The History of Magic, while being a history, is also the dominant text on magical theory, and has been since its publication in 1694. Written by Sir Isaac Newton, it laid out the known history of magical development based on secret records within the British Order of Magi left over from when it was the Order of the Veil. While it laid out the known history, Newton also theorized on the nature of magic and why it works the way it does, as well as applying mathematical observations to several magical applications. He also theorized that if magic indeed flowed from another reality, then it is entirely possible that there are other realities as well parallel to our own, possibly populated. These theories and applications form the basis of magical research to this day.

Theories on the nature of Magic.

Structure and Belief

Newton theorized in the book that during the first days after the sundering of the Veil, the supernatural energies alien to our reality required structure, and they took that structure from human beliefs. Because the tear in the veil occurred in Europe, European belief systems formed the backbone of most magical laws. The basis of arcane magic for instance he theorized was based on transmutation, an alchemical process. Alchemy being mostly based on Aristotles' classical elements. Faith based magics were easier to explain in this way as most recorded Christian miracles involved healing the sick, inspiring the hopeless, and smiting the wicked Pagan resurgent faiths had clear domains for their gods, which specialised the abilities of their clerics.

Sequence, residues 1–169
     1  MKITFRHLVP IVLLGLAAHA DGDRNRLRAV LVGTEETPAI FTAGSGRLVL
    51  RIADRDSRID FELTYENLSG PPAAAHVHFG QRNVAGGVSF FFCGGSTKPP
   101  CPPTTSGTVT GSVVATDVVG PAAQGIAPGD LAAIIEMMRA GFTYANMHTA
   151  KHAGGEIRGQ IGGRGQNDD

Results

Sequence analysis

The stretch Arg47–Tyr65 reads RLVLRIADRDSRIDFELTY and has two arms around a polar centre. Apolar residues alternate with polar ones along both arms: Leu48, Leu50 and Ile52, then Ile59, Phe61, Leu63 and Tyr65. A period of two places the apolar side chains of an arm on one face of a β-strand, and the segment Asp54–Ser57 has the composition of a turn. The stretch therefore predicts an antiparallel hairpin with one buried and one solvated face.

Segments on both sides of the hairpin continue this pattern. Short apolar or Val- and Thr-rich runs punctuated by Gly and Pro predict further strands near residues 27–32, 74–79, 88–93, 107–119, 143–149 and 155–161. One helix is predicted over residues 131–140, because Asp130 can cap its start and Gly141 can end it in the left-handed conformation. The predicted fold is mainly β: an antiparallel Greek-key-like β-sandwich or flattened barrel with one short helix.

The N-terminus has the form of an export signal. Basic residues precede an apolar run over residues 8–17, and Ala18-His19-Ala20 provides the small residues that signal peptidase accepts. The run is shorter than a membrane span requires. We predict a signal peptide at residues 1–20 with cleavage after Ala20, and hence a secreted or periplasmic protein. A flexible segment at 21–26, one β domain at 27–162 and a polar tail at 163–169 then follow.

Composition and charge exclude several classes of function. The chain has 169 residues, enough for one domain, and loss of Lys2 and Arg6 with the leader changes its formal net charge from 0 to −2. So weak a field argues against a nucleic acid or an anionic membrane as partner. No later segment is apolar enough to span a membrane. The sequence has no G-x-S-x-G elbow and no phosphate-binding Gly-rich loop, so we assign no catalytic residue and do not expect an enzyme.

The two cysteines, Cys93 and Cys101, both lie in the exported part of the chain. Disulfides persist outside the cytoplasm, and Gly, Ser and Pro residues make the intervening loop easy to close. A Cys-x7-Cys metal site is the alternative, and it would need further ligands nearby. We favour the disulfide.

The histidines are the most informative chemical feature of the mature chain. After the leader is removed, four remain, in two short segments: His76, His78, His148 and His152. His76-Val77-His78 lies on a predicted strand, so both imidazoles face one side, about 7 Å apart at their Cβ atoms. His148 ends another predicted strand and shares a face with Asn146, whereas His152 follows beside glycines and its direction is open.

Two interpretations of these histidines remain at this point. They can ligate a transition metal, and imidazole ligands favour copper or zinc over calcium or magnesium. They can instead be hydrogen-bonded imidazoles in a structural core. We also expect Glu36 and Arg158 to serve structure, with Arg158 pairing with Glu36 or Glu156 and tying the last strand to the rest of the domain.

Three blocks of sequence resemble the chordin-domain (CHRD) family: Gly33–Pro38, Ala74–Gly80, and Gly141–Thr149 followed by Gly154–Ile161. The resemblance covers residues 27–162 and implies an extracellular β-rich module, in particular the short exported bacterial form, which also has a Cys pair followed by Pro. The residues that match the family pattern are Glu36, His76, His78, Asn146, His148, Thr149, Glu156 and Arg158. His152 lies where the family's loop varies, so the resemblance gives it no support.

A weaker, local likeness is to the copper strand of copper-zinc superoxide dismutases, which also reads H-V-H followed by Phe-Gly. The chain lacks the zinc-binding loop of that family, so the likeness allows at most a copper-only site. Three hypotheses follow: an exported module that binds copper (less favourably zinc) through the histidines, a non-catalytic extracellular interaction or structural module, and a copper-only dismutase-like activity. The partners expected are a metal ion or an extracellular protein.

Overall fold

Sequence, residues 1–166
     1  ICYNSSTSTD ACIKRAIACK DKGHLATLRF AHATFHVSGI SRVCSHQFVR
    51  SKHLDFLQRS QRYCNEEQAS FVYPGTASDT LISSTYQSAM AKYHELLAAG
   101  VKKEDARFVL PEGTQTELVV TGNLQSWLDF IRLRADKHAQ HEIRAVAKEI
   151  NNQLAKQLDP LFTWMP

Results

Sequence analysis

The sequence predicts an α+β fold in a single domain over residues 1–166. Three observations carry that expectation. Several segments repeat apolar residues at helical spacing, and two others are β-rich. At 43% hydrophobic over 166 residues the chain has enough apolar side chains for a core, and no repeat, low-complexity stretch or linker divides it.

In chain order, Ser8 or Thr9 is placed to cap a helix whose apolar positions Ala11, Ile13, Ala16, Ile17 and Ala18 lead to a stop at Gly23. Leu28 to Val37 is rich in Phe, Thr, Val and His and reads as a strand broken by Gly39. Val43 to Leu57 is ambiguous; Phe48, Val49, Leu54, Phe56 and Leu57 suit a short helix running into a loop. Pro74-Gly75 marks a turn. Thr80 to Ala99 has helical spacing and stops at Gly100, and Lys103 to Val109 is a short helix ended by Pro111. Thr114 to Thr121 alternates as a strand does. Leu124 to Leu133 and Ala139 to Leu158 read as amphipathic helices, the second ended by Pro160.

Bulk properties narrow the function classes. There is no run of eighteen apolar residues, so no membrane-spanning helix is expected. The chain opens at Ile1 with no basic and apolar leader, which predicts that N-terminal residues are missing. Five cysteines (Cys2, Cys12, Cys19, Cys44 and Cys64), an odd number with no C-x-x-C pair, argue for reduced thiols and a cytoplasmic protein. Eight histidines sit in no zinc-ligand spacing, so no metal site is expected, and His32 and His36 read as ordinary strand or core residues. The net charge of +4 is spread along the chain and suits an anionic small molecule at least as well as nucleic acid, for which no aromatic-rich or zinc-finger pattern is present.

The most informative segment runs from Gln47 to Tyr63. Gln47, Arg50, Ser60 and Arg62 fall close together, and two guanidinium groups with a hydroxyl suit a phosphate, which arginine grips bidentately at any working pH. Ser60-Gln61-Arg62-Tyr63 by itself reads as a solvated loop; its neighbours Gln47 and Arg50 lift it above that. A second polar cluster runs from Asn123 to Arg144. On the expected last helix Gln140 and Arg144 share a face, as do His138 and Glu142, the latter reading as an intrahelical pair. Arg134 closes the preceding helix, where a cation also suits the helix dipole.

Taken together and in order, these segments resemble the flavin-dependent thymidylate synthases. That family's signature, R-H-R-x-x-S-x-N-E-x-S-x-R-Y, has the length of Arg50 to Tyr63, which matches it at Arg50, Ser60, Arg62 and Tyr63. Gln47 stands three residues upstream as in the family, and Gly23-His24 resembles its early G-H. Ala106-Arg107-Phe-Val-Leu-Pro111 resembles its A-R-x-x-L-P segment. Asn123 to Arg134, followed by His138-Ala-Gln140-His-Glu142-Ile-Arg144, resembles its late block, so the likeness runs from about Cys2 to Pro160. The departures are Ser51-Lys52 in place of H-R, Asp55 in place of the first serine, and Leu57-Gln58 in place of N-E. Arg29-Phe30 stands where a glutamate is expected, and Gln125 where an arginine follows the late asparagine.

Newton based his theory that magical structure was based mostly on European beliefs because until Europeans began trading heavily outside of Europe, most nations and peoples across the globe only had access to either faith-based or instinctual magics.

Divine Right to Rule

One of the more controversial observations was his theory that the belief in the divine right to rule by the nobility was actually enhanced by magic tying increased leadership ability and charisma to noble bloodlines. However with the constant infidelities by the nobility these traits have been passed on to the common folk over the decades which he theorizes is why there seemed to be an increase in effective civilian leadership. These theories became the basis of many republican movements in the last century or so.


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